Nose bridge

    Last updated date: 16-May-2023

    Originally Written in English

    Nose Bridge

    Nose Bridge


    A low or broad nose bridge may cause the eyes to look further apart than they actually are, creating a flat profile. If the nasal bridge is not straight, a person may appear too strong or masculine, or more mature than she or he is. Furthermore, it may induce breathing difficulties, rhinitis, or other nasal discomfort.

    A nasal deformity is an anomaly in the structure and appearance of the nose that causes breathing difficulties, reduced sense of smell, and other issues.

    Patients with nasal deformities are more likely to snore and breathe loudly, have nosebleeds, dry mouth, chronic sinusitis (inflammation of the sinus passages), and get sinus infections. These problems are frequently accompanied with dissatisfaction with the shape and appearance of the nose.

    Treatment for nasal abnormalities is not necessary since the condition is rarely life-threatening; rather, it is a matter of increasing quality of life and being able to breathe better, or of feeling more confident in your look. There are therapies available to help with both function and shape.


    What Causes Low Nasal Bridge?

    Nose Bridge

    When your child is small, you may observe a low nasal bridge. Low nasal bridge is common in some people. However, some potential reasons include:

    1. Cleidocranial dysotosis. This is a hereditary disorder that results in abnormal bone growth and development. Loose joints, short arms and fingers, and increased bone fractures are further symptoms of this condition.
    2. Syphilis. If you infect your kid with syphilis before birth, the virus might damage their bone growth. It can also result in an enlarged liver or spleen, as well as fever, irritability, and a rash, among other symptoms.
    3. The Williams Syndrome. This hereditary condition is distinguished by facial characteristics such as a broad nose, a big mouth, a round face, and round cheeks. People suffering from this illness may also experience intellectual difficulties and delayed development.
    4. Down Syndrome. This happens if you have an extra chromosome. Down syndrome patients have a wide, flat nose, almond-shaped eyes, and are lower in stature.
    5. Polychondritis. This condition causes cartilage inflammation.
    6. Granulomatosis associated with polyangiitis. This disorder affects your blood arteries, causing blood flow to organs and other parts of your body to slow. This decrease in blood flow might result in granulomas, which are inflammation-related growths. These are frequently seen in the lungs, sinuses, and throat.
    7. Previous Surgery. Prior septoplasty or septorhinoplasty surgery may result in nose saddling. If an aggressive septoplasty is performed that eliminates the entirety of the septum, the nose may weaken and potentially collapse over time. Furthermore, any septoplasty surgeries performed on kids who are too young might result in nose saddling later in life as individuals mature.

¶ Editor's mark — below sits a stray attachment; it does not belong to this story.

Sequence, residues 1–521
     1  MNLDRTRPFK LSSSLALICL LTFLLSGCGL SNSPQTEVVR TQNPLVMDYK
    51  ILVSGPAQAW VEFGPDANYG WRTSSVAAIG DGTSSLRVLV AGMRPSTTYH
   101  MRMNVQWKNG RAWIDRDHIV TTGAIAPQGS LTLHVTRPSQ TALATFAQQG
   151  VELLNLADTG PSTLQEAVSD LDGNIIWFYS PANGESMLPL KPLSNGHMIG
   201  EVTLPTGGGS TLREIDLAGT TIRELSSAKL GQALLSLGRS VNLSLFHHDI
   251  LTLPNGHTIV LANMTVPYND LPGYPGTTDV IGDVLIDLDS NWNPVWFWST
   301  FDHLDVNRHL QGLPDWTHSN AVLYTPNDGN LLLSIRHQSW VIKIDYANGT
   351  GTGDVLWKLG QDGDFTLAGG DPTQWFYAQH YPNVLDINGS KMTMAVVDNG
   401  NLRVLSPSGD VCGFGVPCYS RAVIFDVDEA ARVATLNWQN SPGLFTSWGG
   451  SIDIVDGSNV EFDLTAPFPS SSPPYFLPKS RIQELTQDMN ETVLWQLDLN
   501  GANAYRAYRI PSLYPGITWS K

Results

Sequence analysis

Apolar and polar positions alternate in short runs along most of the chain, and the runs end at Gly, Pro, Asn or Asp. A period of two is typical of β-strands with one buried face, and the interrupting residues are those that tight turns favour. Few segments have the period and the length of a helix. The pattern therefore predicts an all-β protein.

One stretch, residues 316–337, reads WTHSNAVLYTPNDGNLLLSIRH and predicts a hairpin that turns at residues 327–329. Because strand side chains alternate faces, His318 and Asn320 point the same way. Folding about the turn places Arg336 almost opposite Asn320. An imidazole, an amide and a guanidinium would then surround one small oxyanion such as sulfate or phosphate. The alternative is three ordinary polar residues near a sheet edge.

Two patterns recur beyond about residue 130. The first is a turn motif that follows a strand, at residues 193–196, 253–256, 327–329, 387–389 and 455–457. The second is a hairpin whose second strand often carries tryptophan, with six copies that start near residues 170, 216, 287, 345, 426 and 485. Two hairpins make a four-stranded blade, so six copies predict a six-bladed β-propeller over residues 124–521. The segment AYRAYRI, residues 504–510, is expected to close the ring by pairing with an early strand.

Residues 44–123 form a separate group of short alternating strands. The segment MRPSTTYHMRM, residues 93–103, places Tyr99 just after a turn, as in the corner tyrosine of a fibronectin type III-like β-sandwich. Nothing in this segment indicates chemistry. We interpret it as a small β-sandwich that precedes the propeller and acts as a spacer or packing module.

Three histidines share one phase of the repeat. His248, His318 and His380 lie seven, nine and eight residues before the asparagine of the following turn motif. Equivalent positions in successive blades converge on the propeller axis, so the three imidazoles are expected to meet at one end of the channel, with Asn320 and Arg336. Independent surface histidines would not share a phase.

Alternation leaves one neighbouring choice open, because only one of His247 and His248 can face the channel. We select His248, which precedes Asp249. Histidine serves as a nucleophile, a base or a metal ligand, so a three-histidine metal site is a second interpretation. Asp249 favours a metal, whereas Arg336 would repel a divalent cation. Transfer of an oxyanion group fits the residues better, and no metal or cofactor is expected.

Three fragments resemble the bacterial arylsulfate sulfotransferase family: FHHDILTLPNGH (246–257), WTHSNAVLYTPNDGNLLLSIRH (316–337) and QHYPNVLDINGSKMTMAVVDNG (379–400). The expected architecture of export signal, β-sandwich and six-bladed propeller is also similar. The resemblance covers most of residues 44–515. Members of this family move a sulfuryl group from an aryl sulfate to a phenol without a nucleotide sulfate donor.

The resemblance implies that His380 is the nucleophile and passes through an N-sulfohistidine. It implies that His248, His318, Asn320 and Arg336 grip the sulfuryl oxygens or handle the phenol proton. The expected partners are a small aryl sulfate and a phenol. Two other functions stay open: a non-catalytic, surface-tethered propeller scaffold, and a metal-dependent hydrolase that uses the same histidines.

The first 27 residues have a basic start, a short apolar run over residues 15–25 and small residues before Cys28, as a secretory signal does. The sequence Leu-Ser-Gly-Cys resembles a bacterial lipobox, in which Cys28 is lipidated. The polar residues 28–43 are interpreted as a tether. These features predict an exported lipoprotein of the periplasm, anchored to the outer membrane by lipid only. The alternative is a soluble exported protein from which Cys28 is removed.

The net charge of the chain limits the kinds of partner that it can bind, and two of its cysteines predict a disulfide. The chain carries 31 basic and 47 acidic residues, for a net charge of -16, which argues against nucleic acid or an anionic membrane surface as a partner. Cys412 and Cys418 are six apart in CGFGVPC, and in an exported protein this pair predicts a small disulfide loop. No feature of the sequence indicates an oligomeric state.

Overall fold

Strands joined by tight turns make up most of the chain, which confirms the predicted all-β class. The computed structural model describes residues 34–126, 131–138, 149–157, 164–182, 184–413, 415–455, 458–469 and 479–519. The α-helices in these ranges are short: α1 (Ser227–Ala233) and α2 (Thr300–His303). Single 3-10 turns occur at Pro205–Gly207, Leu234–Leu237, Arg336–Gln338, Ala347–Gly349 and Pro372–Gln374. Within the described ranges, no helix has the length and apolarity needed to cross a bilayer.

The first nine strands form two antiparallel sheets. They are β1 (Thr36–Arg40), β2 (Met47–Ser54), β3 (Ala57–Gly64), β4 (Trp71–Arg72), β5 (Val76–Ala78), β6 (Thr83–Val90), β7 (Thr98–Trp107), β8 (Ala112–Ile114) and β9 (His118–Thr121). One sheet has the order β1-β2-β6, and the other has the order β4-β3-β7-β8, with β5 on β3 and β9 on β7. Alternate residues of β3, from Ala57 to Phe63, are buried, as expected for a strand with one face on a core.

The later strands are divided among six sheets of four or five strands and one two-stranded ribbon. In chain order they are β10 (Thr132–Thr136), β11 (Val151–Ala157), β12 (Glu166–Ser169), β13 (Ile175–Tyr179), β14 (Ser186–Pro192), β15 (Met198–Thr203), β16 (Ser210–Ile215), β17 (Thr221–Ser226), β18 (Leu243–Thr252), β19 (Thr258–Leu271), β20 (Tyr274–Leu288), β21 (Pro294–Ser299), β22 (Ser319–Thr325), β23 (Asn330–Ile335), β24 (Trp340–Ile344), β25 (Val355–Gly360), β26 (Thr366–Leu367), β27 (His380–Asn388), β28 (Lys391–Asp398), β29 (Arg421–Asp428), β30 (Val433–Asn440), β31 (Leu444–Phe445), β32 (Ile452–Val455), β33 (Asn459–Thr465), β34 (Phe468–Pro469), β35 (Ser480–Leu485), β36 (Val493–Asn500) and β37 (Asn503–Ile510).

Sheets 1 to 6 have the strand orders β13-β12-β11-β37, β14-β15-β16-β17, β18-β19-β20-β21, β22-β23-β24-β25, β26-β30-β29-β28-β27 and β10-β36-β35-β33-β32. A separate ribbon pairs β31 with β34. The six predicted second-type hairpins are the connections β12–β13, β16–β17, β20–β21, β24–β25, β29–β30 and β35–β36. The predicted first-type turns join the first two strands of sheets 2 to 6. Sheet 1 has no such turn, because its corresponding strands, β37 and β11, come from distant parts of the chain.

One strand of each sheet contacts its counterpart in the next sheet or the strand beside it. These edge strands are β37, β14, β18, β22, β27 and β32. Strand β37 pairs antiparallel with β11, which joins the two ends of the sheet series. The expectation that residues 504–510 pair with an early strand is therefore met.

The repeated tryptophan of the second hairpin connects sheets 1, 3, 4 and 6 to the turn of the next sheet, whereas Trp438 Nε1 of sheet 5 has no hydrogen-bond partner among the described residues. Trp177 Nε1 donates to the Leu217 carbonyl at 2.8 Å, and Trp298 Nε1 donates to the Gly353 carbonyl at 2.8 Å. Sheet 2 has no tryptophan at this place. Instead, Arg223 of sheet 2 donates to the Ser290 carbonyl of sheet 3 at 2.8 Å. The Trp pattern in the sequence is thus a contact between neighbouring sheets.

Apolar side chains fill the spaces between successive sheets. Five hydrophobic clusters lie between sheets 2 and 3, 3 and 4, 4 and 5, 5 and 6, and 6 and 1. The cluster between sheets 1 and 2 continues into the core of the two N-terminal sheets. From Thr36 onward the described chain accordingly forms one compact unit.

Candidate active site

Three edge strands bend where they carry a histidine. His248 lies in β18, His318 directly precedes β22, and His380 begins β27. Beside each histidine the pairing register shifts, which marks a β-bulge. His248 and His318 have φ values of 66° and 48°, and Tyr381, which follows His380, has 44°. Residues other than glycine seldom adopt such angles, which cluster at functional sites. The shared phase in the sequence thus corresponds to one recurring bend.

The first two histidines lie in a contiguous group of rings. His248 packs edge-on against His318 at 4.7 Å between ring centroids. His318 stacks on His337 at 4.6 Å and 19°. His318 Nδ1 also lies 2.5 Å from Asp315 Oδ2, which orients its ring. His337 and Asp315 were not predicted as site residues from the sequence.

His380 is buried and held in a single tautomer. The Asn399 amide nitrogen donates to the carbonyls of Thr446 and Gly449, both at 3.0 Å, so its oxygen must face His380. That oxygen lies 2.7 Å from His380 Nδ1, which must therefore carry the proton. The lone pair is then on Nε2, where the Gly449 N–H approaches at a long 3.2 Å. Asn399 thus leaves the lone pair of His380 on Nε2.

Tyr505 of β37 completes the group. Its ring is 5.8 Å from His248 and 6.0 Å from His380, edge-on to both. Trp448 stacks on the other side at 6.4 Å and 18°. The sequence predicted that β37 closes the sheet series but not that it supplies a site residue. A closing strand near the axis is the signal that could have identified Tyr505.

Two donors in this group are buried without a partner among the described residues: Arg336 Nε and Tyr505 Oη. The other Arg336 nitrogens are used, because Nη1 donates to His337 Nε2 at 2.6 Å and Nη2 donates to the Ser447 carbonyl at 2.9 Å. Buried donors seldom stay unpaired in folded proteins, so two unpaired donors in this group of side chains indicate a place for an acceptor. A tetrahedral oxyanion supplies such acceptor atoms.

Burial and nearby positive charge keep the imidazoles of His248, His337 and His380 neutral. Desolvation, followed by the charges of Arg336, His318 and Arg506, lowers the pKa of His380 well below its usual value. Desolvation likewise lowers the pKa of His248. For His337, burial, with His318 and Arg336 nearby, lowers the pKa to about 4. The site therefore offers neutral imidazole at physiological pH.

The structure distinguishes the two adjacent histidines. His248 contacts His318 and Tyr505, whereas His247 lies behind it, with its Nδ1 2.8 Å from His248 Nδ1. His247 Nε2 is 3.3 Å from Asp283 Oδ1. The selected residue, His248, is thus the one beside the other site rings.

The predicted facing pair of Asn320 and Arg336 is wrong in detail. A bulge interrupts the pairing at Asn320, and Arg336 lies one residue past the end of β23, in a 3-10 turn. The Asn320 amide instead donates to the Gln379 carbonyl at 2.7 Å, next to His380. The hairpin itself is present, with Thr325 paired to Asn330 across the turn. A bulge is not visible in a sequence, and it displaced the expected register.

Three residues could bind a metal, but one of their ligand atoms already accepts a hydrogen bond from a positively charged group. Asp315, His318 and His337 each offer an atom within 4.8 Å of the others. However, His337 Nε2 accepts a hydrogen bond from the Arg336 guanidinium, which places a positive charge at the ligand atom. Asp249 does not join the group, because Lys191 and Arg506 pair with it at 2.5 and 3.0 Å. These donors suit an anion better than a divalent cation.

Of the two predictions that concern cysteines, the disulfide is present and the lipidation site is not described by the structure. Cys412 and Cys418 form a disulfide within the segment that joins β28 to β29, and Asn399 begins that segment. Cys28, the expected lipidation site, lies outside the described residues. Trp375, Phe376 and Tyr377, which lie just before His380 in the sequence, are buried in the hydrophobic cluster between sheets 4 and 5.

8. Trauma. The most common cause of nasal saddling is trauma. Any damage to the nose might result in saddling or sagging. When the septum is cracked after trauma, it shrinks, resulting in nasal height decrease.
    9. Septal Abscess and Septal Hematoma. Blood or pus accumulation in the septum, caused by trauma, surgery, or septum manipulation, may impair blood flow to the septum, resulting in nasal saddling.
    10. Autoimmune and Vascular Conditions. Autoimmune and vascular illnesses can also cause septal vasculitis (inflammation of blood vessels). This inflammation reduces blood supply to the septum, resulting in tissue necrosis and loss. As the disease progresses, the septum weakens and the nasal height decreases. Wegener's Granulomatosis and Relapsing Polychondritis are two examples of ailments.
    11. Cocaine Abuse. Long-term cocaine usage reduces blood supply to the nasal septum, resulting in tissue necrosis and loss. This eventually results in nasal septum shrinkage and loss of nasal height.
    12. Infections. Chronic infections such as syphilis may also compromise blood flow to the nose and septum, leading to nasal saddling.


    Symptoms of Low Nose Bridge

    Symptoms of Low Nose Bridge

    Nasal deformities can produce symptoms such as:

    • Blockage of one or both nostrils – this can make breathing difficult and is more noticeable when you have a cold or an allergy, which can inflame and narrow the nostrils.
    • Bleeding – if the surface of the nose dries up, you may suffer more nosebleeds.
    • Facial pain – sometimes a nasal deformity can cause facial pain.
    • Loud breathing during sleep – this occurs if the tissue inside the nose is inflamed. It is common in infants and children with a deviated septum.
    • Nasal cycle – the nose is usually blocked alternately on one side or the other, which is called the nasal cycle. This is normal, but if it happens very often it can mean an abnormal obstruction.
    • Preference for sleeping on one side. Some people prefer to sleep on one side at night to improve nasal breathing, which may be due to a deviated nasal septum.


    Material to Augment the Nose


    Adding volume to the nasal bridge necessitates the use of material. Many different materials have been utilized over the years, but the three kinds listed below are the most popular. The greatest plastic surgeons will employ a range of materials and tailor the treatment to each patient's specific demands.

    • cartilage – patient’s own (septum, ear, rib) or cadaveric (ex. irradiated rib, acellular dermis)
    • synthetic solid implant – silicone, ePTFE (expanded polytetrafluoroethylene, Gore-Tex®)
    • synthetic gel implant – filler injections (hyaluronic acid, Restylane®)

    When possible, plastic surgeons (and patients) prefer natural results and use the patient's own cartilage. During septoplasty, cartilage is extracted from the inside of the nose, the ear, or the rib. Each of these cartilage transplants has its own set of benefits and drawbacks.